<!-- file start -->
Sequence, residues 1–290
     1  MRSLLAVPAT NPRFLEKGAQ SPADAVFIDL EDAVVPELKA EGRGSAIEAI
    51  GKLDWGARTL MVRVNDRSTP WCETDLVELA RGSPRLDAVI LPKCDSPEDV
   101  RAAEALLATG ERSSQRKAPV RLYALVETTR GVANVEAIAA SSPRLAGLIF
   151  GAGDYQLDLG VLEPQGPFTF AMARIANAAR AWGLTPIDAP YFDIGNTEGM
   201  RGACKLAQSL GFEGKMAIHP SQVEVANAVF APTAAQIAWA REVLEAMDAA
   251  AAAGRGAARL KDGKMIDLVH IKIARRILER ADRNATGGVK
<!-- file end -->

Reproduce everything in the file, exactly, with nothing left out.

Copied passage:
Sequence, residues 1–290
     1  MRSLLAVPAT NPRFLEKGAQ SPADAVFIDL EDAVVPELKA EGRGSAIEAI
    51  GKLDWGARTL MVRVNDRSTP WCETDLVELA RGSPRLDAVI LPKCDSPEDV
   101  RAAEALLATG ERSSQRKAPV RLYALVETTR GVANVEAIAA SSPRLAGLIF
   151  GAGDYQLDLG VLEPQGPFTF AMARIANAAR AWGLTPIDAP YFDIGNTEGM
   201  RGACKLAQSL GFEGKMAIHP SQVEVANAVF APTAAQIAWA REVLEAMDAA
   251  AAAGRGAARL KDGKMIDLVH IKIARRILER ADRNATGGVK